ERA Track


The Early Research Achievements (ERA) Track aims at providing researchers with a forum for discussing novel research ideas in early stages of development. The topics of interest for this track are the same as the main research track, but we aim at creating a stimulating atmosphere where researchers can present and get early feedback on promising work that has not yet been fully evaluated.


Session 1 – Maintenance and Co.

Thursday, February 6, 2014, from 10:30 to 12:30 
Session Chairs: Andy Zaidman, Coen De Roover

  • Scott Grant and James R. Cordy.
    Examining the Relationship Between  Topic Model Similarity and Software Maintenance  
  • Maelick Claes, Tom Mens,  and Philippe Grosjean. 
    On the  maintainability of CRAN packages  
  • Vadim Zaytsev. 
    Formal Foundations for Semi-parsing
  • Emily Hill, Bunyamin Sisman and Avinash Kak.
    On the Use of  Positional Proximity in IR-based Feature Location
  • Yuki Kashiwabara, Yuya Onizuka, Takashi Ishio, Yasuhiro Hayase,  Tetsuo Yamamoto and Katsuro Inoue.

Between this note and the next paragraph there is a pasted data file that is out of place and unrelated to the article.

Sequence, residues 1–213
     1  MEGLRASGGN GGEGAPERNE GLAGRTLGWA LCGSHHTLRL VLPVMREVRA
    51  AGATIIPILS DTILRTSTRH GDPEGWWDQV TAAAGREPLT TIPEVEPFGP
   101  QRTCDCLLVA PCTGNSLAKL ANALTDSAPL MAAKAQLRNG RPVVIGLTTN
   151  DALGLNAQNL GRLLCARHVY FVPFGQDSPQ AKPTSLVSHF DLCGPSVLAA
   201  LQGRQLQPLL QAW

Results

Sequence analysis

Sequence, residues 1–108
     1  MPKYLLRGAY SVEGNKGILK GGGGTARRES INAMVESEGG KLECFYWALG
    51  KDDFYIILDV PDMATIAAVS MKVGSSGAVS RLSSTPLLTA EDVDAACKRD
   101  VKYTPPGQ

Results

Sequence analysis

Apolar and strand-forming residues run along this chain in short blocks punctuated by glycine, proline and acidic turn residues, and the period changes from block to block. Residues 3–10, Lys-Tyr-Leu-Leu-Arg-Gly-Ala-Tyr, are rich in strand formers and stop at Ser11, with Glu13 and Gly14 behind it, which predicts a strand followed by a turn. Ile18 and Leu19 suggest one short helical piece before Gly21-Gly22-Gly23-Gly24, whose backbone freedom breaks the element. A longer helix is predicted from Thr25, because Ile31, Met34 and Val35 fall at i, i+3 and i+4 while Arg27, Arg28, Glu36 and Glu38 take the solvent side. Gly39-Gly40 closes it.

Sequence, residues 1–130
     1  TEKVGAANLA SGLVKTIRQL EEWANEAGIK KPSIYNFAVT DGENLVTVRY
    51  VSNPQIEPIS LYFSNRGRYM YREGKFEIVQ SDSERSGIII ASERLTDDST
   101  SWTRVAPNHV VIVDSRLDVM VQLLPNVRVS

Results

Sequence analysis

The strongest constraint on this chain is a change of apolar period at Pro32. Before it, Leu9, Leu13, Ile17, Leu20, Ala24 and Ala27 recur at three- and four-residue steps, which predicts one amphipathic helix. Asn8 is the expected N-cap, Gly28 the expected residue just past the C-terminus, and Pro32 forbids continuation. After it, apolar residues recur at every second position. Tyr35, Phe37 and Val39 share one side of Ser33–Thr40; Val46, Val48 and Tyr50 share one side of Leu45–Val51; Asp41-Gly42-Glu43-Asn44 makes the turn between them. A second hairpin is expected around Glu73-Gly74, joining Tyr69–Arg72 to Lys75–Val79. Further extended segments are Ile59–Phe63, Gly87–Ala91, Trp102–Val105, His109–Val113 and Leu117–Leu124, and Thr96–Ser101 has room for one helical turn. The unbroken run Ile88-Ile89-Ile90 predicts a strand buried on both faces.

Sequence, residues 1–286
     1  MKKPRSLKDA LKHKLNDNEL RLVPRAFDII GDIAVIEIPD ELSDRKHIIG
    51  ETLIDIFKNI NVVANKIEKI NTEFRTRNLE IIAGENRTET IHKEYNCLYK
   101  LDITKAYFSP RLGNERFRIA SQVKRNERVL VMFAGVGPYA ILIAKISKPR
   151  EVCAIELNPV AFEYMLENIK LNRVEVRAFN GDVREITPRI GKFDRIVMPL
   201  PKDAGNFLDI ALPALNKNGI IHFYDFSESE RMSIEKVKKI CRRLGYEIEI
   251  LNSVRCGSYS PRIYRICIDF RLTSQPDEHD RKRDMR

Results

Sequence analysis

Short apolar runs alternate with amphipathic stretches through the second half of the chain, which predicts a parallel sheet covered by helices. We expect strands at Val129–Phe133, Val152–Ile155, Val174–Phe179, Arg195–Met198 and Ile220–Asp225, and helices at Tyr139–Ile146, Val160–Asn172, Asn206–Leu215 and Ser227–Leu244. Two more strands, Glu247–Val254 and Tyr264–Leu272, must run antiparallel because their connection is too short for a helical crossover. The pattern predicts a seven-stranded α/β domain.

Recommending Verbs for Rename Method Using Association Rule Mining    
  • Toshihiro Kamiya. An Algorithm for Keyword Search on an Execution  Path
  • Ralf Lmmel, Martin Leinberger, Thomas Schmorleiz  and Andrei Varanovich. 
    Comparison of feature implementations  across languages and technologies and styles
  • Federico Tomassetti, Giuseppe Rizzo and Marco Torchiano.
    Spotting  Automatically Cross-Language Relations

Session 2 – Change and Co-Evolution

Thursday, February 6, 2014, from 15:30 to 17:00 
Session Chairs: Andy Zaidman, Coen De Roover

  • Haidar Osman, Mircea Lungu and Oscar Nierstrasz.
    Mining Frequent  Bug-Fix Code Changes
  • Shane Mcintosh, Katie Legere and Ahmed E. Hassan.
    Orchestrating Change: An Artistic Representation of Software Evolution
  • Mathieu Goeminne, Tom Mens and Alexandre Decan.
    Co-evolving  code-related and database-related activities in a data-intensive  software system
  • Manishankar Mondal, Chanchal K. Roy and Kevin Schneider.
    Improving  the Detection Accuracy of Evolutionary Coupling by Measuring Change Correspondence